That’s the best case scenario. Here is the worst-case:
If Republican leaders cannot send the President an ACA bill by April or May, they will face two politically unpalatable options. First, they could continue to press for a solution, delaying consideration of tax reform for an indefinite period. This delay would occur because both proposals are expected to be considered under the “budget reconciliation” process. However, since only one tax bill and one spending bill can be considered under that process in each budget cycle—and ACA repeal legislation is expected to have tax and spending provisions—Republican leaders plan to consider the ACA bill in the FY2017 budget cycle, and to begin the FY2018 budget cycle, including instructions to pass tax reform, once the ACA bill has passed. A second option would be to postpone ACA legislation and move to tax reform, essentially reneging on a campaign commitment.
Goldman also notes that beyond the timetable, the ACA debate is a reminder that enacting ambitious structural reforms on a partisan basis is difficult, for two reasons. First, shared accountability allows lawmakers to take greater political risks. Over the last few decades, most of the major fiscal reforms were enacted under divided government, as this allows for shared responsibility: the Social Security amendments in 1983, the Tax Reform Act of 1986, and the various deficit reduction measures of the late 1980s and 1990s all come to mind. Of course, this is not always the case; the ACA passed along party lines in 2010.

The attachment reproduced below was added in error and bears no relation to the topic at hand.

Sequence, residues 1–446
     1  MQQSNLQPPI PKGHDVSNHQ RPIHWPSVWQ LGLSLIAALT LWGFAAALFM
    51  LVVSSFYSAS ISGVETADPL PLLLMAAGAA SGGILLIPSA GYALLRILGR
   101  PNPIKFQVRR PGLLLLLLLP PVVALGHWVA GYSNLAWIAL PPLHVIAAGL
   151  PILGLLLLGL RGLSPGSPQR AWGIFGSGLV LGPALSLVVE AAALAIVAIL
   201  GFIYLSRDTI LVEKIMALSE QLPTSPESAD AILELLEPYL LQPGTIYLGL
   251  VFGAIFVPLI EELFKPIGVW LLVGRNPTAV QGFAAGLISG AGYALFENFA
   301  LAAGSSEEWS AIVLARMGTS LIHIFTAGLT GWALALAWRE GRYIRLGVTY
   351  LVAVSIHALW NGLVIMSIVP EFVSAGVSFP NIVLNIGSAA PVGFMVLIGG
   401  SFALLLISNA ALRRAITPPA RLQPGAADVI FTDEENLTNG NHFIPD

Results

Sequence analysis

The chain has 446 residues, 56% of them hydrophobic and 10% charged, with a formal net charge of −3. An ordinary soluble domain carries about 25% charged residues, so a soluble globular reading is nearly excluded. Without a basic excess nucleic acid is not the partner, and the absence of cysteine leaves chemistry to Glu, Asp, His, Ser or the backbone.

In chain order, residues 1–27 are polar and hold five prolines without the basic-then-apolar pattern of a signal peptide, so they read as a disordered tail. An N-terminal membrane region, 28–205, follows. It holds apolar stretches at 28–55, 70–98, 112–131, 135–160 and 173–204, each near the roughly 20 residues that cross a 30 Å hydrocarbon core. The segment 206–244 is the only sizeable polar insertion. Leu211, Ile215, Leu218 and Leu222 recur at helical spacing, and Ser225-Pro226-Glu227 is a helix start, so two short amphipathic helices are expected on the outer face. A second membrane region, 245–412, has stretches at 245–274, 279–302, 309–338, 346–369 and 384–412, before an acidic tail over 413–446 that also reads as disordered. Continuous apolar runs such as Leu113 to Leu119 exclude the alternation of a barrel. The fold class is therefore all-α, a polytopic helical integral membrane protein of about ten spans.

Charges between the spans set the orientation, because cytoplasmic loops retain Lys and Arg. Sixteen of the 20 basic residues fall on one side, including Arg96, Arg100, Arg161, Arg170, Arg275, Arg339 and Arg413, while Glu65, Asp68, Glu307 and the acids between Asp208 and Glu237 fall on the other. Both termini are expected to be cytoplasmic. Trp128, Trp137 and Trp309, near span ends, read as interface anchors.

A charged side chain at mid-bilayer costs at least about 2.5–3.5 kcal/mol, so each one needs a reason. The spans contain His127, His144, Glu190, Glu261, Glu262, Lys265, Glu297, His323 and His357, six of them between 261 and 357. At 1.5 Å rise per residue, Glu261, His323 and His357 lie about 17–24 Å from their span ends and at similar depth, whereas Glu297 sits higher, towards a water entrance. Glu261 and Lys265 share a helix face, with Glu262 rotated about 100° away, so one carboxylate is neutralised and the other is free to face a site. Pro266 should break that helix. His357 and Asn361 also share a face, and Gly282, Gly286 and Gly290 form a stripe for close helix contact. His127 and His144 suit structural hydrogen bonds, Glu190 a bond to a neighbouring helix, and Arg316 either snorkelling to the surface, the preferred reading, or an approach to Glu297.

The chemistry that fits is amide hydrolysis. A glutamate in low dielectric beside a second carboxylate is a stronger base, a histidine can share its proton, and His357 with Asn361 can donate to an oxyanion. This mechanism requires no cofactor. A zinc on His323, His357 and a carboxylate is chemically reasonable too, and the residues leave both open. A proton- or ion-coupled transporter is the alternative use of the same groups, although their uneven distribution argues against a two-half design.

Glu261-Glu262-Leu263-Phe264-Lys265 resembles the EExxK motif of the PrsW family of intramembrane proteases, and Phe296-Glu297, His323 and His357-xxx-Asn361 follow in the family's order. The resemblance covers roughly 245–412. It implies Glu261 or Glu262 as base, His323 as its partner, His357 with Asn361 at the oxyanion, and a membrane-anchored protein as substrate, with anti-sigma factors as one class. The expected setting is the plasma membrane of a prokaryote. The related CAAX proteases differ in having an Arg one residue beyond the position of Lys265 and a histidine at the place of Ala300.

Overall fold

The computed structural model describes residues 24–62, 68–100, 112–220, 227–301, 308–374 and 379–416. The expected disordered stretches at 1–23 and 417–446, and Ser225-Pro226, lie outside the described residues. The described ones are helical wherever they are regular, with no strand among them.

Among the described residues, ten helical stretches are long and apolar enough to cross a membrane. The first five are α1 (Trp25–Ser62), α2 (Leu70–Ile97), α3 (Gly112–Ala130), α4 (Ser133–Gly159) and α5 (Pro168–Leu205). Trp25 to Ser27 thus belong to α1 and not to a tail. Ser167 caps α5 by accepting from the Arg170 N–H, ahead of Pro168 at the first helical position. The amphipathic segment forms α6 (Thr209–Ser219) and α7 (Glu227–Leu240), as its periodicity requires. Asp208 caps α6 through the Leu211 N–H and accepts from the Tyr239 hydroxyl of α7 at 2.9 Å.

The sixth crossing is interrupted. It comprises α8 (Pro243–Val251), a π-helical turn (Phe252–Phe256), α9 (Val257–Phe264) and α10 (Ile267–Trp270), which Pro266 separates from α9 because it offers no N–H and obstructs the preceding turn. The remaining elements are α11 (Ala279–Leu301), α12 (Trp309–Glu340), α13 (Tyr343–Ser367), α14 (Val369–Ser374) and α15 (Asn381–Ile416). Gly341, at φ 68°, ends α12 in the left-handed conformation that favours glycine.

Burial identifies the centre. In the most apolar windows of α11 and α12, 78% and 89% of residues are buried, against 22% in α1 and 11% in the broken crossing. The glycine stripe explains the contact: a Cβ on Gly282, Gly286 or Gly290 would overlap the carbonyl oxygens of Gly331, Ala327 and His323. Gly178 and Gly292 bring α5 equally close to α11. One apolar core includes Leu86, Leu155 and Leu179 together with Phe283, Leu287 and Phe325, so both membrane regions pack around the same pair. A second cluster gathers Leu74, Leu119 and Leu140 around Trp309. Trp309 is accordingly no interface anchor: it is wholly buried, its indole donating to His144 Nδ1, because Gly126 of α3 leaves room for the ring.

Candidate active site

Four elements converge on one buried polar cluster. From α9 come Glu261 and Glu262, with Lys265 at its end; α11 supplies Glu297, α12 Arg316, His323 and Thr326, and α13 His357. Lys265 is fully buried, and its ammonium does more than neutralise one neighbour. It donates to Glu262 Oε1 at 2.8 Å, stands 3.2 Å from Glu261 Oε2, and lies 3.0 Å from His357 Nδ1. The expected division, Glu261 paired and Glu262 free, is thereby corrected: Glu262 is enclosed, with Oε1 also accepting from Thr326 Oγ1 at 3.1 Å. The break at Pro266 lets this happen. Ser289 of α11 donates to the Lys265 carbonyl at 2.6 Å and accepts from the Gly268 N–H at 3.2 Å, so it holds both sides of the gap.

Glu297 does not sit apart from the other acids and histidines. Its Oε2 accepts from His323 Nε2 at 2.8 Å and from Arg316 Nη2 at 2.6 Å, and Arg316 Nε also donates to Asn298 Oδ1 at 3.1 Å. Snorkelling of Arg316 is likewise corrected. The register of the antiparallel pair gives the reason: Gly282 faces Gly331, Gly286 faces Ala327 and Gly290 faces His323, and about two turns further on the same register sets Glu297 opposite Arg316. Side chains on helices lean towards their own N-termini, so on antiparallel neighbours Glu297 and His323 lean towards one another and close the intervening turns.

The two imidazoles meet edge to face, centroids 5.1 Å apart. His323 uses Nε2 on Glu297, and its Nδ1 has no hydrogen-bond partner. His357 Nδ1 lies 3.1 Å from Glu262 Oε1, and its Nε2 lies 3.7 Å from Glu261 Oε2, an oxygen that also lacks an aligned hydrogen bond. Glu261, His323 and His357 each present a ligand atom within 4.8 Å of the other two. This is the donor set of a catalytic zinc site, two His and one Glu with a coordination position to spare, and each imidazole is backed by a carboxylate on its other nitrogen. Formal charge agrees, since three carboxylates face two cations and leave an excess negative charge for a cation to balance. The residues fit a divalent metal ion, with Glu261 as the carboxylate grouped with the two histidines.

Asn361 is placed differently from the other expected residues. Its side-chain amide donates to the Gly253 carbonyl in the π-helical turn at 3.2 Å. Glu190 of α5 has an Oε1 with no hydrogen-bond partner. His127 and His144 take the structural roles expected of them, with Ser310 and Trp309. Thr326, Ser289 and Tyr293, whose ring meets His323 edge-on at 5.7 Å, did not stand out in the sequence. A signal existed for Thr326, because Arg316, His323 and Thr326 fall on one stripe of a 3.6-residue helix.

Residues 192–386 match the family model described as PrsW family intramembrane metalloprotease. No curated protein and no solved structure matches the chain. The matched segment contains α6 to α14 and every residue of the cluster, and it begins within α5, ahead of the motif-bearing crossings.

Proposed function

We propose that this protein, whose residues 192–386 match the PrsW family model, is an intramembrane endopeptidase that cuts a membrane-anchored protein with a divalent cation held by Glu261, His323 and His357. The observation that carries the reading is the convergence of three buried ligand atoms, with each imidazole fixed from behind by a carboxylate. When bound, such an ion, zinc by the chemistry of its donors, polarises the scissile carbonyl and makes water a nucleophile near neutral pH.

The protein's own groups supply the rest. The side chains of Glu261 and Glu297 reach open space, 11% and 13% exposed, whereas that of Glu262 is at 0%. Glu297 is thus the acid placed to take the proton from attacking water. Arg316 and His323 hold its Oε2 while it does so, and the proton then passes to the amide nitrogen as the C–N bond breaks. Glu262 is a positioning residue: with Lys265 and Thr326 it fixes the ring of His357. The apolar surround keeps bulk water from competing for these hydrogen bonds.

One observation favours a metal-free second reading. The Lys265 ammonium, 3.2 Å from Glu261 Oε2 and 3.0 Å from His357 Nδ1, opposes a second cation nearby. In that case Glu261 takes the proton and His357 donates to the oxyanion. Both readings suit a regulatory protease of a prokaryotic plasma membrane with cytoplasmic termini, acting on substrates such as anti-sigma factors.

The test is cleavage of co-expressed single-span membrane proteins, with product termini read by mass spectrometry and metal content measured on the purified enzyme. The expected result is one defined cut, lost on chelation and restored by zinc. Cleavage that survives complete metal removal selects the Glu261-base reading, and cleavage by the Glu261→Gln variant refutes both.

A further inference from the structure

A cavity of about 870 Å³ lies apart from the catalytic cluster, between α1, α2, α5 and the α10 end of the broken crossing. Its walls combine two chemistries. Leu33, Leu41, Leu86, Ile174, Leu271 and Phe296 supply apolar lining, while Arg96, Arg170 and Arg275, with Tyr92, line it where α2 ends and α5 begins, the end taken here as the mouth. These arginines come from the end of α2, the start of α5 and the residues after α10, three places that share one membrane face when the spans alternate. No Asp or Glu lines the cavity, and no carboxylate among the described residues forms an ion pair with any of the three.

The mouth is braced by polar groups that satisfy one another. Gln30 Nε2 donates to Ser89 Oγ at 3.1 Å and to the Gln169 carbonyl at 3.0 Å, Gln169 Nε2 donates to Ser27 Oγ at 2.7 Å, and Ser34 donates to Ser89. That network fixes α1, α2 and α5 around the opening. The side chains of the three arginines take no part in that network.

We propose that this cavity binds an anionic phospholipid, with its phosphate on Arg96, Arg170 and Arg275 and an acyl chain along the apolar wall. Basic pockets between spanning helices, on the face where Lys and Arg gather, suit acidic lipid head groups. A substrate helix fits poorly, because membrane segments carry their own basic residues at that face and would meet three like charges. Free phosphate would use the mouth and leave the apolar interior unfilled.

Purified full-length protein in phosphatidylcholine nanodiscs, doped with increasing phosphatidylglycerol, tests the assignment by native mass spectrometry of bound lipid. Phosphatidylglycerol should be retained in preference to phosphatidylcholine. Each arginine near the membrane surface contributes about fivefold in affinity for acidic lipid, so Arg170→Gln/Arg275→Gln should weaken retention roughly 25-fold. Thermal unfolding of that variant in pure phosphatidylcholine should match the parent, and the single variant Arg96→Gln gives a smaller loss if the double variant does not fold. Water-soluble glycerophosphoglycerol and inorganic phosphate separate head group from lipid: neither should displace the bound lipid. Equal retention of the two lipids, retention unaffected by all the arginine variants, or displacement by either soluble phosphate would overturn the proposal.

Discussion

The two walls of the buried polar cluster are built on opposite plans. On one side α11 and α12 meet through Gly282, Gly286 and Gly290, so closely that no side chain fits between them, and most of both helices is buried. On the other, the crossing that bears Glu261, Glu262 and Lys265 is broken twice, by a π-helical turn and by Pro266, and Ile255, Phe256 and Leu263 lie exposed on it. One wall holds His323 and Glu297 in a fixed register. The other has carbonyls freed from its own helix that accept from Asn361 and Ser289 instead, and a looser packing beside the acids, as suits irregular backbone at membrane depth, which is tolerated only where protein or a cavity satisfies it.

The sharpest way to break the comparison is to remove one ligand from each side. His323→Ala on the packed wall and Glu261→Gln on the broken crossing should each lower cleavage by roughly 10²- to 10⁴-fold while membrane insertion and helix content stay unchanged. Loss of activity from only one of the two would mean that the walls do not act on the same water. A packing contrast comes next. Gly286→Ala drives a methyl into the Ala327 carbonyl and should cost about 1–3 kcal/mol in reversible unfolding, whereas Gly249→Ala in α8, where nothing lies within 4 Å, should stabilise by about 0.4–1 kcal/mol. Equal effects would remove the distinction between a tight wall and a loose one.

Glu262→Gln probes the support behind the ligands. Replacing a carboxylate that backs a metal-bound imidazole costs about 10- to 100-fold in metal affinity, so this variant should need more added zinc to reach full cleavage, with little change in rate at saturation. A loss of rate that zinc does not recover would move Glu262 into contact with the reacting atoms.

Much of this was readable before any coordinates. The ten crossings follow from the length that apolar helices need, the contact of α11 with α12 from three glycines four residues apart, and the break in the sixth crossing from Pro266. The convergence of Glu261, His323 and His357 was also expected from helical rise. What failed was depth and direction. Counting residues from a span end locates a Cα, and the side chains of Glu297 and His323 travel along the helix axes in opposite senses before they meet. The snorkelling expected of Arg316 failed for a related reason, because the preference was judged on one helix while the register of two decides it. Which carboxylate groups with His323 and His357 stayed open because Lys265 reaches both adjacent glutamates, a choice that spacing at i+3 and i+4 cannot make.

Second, relying on only Republican votes results in a very thin vote margin, particularly in the Senate. Republicans in that chamber have 52 seats, and will need 51 votes (potentially including Vice President Pence’s tie-breaking vote) to pass ACA or tax legislation through the budget reconciliation process. Although this is often sufficient on issues where there are clearly defined differences between the parties, it makes it quite difficult to pass legislation where lawmakers have more idiosyncratic concerns, as is often the case in tax reform.
As to why a potential Trumpcare slowdown is relevant, the answer is simple: delays would likely lead to substantial delays for the bulk of Trump’s proposed economic agenda, putting prompt implementation of his tax reform in jeopardy, as Phillips explains:
“the slow process on ACA repeal signals that tax reform is likely to take longer than initially expected and that the final tax legislation that Congress enacts is likely to be less radical than the early proposals from House Republicans and the Trump campaign. That said, while tax legislation looks likely to be delayed we expect it to move forward eventually.”
Finally, putting it all together, here is Goldman’s chart showing “the long year ahead“